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LME is the world’s major trading place for industrial metals, including copper. Copper is traded on all of LME’s three trading platforms:
The daily Ring trading windows for copper are as follows:
|Ring Session||London Time (pm)|
|First ring session||12:00 - 12:05|
|Second ring session (official price fixing)||12:30 - 12:35|
|Third ring session||15:10 - 15:15|
|Fourth ring session||15:50 - 15:55|
For each metal, including copper, the LME publishes various official prices:
For purposes of this memo and our analysis, we will refer to the various LME Official Prices and the LME Official Settlement Price together as the Official Price.
The Official Price is an important benchmark for transactions involving physical copper and copper derivatives including exchange traded futures. The following chart shows annual trading volume of CME copper futures, which has increased significantly since 2000 and reached almost USD 2 trillion in 2017.
In terms of CME futures, the copper market is as large as the silver market and approx. one fourth of the gold market.
Copper market participants include producers, fabricators, consumers, financial institutions, hedge funds and individual traders. Most of the products traded by these market participants are either directly or indirectly affected by the Official Price.
The list of LME ring members (also called “category 1” members) has changed frequently over time. In addition to various specialized brokers, the following dealers were ring members for at least part of the Analysis Period: Barclays (Feb 2005 – Nov 2011), Credit Agricole, (Feb 2005 – Oct 2007), J.P. Morgan (Aug 10 – Sep 2015), Jefferies (Aug 2012 – Nov 2013), Natixis (Feb 2005 to Jul 2012), RBS (Feb 2005 to Jun 2010), and Societe Generale (Feb 2005 to Nov 2017).
Some of these brokers have ceased being a ring member or are now category 2-5 members which lowers their compliance burden. Category 2-5 members are not allowed to trade in the Ring by open outcry and instead route their orders through one of the category 1 ring members.
We note that some of the world’s largest commodity traders, such BHP Billiton and Glencore, are category 5 members which are not regulated.
Fideres investigated the average intraday price movements of CME copper futures and found that copper prices have on average decreased sharply during the 30-minute window leading up to the close of the second Ring session.
As shown in the chart below, this sharp average downward movement is unique to the second Ring session, at the end of which the Official Price is determined.
The chart below shows that, during the five minutes prior to the determination of the Official Price (i.e. between 12.30pm and 12.35pm), copper prices decrease more days during the Analysis Period than outside of the Analysis Period.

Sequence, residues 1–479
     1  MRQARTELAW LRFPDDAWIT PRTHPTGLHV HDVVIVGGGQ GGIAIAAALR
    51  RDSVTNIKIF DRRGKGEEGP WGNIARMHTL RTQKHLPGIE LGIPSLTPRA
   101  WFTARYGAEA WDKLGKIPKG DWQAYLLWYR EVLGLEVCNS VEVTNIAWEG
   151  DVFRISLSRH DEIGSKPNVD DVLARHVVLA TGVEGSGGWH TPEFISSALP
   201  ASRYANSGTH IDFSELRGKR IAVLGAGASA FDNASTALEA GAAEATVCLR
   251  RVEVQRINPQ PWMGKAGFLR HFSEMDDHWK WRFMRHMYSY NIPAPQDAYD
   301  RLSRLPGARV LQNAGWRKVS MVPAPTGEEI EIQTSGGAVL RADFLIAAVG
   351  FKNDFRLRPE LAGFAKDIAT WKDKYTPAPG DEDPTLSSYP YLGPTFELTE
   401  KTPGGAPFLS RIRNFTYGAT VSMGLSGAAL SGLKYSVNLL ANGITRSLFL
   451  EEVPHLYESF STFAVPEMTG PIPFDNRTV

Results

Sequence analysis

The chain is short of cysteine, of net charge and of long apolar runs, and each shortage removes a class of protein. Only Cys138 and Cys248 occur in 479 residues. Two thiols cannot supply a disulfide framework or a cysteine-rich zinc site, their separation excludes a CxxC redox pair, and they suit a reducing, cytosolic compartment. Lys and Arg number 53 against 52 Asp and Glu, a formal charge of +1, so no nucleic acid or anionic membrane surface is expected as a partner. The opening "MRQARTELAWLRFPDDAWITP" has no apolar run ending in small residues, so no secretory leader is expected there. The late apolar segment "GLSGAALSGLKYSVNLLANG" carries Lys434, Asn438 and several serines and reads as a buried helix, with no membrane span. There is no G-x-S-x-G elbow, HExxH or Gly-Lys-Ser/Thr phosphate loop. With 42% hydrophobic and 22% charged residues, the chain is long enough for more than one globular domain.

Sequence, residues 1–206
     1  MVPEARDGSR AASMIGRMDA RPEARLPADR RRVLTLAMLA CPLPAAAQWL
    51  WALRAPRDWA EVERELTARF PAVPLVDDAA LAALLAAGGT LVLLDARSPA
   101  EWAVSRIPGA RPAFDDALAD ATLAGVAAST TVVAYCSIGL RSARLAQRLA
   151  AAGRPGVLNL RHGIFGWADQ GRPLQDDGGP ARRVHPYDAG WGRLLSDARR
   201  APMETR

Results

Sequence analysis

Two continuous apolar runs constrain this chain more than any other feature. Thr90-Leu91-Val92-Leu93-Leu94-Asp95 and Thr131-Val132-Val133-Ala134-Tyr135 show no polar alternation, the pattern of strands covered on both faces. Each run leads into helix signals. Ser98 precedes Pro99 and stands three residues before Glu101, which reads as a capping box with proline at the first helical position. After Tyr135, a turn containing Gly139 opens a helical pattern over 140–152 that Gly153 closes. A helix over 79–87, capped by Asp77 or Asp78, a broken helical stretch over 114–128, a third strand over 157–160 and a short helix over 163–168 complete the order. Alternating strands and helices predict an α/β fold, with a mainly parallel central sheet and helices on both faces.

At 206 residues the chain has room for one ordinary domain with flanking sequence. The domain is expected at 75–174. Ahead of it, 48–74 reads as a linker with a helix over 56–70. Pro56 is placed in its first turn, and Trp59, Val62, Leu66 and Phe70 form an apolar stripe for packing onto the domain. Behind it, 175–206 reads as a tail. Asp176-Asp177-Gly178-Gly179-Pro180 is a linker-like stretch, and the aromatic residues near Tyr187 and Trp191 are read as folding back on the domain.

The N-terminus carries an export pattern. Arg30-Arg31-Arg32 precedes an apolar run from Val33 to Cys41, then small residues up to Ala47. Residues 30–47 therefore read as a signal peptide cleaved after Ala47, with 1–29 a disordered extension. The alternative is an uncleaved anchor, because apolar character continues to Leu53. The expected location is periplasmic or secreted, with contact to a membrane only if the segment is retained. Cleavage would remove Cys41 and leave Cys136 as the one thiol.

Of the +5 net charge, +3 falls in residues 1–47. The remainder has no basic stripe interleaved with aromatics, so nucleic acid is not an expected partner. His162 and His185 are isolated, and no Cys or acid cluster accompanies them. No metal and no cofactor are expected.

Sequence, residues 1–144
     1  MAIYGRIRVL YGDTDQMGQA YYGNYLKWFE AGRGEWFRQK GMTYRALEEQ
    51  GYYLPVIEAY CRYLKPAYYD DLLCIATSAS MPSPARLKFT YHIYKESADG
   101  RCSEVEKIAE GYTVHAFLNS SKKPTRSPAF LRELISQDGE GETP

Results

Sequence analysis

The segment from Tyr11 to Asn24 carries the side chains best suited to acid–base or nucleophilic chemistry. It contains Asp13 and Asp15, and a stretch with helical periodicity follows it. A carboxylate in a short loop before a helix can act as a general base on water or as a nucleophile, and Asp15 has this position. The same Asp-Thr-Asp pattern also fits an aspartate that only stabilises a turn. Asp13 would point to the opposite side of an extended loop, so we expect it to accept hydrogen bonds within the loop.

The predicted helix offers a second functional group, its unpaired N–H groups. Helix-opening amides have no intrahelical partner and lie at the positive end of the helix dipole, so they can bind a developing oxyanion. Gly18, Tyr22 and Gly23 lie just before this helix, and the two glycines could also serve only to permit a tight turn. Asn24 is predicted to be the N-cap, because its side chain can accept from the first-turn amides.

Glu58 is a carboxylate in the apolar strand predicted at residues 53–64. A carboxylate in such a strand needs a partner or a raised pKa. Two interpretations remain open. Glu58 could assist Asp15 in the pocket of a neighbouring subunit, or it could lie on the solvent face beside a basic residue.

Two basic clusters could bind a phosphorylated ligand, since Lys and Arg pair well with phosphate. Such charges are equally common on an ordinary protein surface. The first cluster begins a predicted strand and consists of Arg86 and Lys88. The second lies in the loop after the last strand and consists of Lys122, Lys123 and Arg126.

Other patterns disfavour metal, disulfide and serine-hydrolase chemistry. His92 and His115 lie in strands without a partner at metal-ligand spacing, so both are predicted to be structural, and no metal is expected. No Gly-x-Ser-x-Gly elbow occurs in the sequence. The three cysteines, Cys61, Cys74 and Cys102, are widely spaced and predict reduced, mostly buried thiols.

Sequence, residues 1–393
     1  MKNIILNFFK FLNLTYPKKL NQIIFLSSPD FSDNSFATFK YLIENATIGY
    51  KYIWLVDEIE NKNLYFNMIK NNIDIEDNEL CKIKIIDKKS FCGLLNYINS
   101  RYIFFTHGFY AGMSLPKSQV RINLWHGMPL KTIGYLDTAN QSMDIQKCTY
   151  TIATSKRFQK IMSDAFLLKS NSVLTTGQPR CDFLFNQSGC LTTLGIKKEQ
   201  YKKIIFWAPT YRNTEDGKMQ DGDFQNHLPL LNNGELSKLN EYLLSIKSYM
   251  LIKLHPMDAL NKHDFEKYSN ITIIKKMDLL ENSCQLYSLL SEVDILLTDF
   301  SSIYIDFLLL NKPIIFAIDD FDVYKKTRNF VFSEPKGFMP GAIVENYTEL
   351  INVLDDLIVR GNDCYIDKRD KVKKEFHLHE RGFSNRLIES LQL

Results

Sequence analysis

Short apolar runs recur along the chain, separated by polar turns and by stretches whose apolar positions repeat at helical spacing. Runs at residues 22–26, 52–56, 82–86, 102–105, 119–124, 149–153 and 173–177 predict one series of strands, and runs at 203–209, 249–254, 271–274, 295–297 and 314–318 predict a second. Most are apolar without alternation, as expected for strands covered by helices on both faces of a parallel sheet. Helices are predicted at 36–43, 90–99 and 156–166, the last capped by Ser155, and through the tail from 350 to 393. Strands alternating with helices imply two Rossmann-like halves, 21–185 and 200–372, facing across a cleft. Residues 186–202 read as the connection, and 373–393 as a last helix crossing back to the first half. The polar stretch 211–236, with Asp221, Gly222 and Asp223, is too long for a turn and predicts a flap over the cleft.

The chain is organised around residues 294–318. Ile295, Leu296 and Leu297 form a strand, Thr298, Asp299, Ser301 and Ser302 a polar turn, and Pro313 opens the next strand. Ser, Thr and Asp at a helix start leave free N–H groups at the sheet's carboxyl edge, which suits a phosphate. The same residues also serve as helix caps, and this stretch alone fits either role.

This is also confirmed if we look at the percentage of days with positive and negative movement by year.
The chart below exhibits the 30 minutes Squared Error of the Average for the Analysis Period and Post Analysis Period. As it is possible to see, the pattern is different between the two periods.
The spike of the squared error of the average during the Analysis Period concurrently to the LME Official Price fix is bigger in magnitude than Post Analysis Period.
A recent UK lawsuit4 revealed how Barclays has managed to manipulate the LME Closing Price5 in order to increase the Futures margin paid by their client. Specifically, it is alleged that Barclays sought to manipulate the LME Closing Price by repeatedly bidding large sums for copper positions right before close of trading.
The results shown in the previous sections are potentially a sign of banks conducting similar unlawful practice in order to manipulate the LME Official Price. In fact, the LME Official Price is more vulnerable to manipulation due to the fact that it is based on the last bid and offer made in the second morning Ring trading session.
Fideres has identified 27 LME fines related to manipulative copper trading in the Ring. Despite these fines, LME has failed to take decisive action to prevent the market from being distorted by manipulative trades.
5 LME Closing Prices are determined by the Pricing Committee across all prompt dates using trades, bids and offers (including indicative trades) transacted throughout the day. Closing Prices are used by LME Clear and LME members to calculate margins.
Robert Chang, Head of Fideres’s Securities Litigation practice, is a financial market expert with extensive and broad-ranging experience in the areas of securities, commodities, derivatives and structured finance.
Since joining Fideres in 2014, Robert has been instrumental in helping institutional and retail investors to recover billions for his consulting and expert testifying work in over 30 landmark financial market investigations and litigations. His most recent successes include a $508 million partial settlement in the ISDAfix interest rate benchmark class action and a €1.4 billion settlement of securities fraud claims against Steinhoff International Holdings NV (second largest against a European issuer accused of securities fraud).
Robert’s team help law firms, regulators and investors across the globe in litigations and other disputes, from the initial claim filing, through dismissal, discovery, expert testimony and settlement. On his team, Robert is often the main architect for groundbreaking analyses and models used in key filings and testimonies.
Robert completed his MSc in Risk Management and Financial Engineering at Imperial College with distinction. Prior to this, he obtained a BSc Economics degree with distinction from Shanghai University of Finance and Economics.
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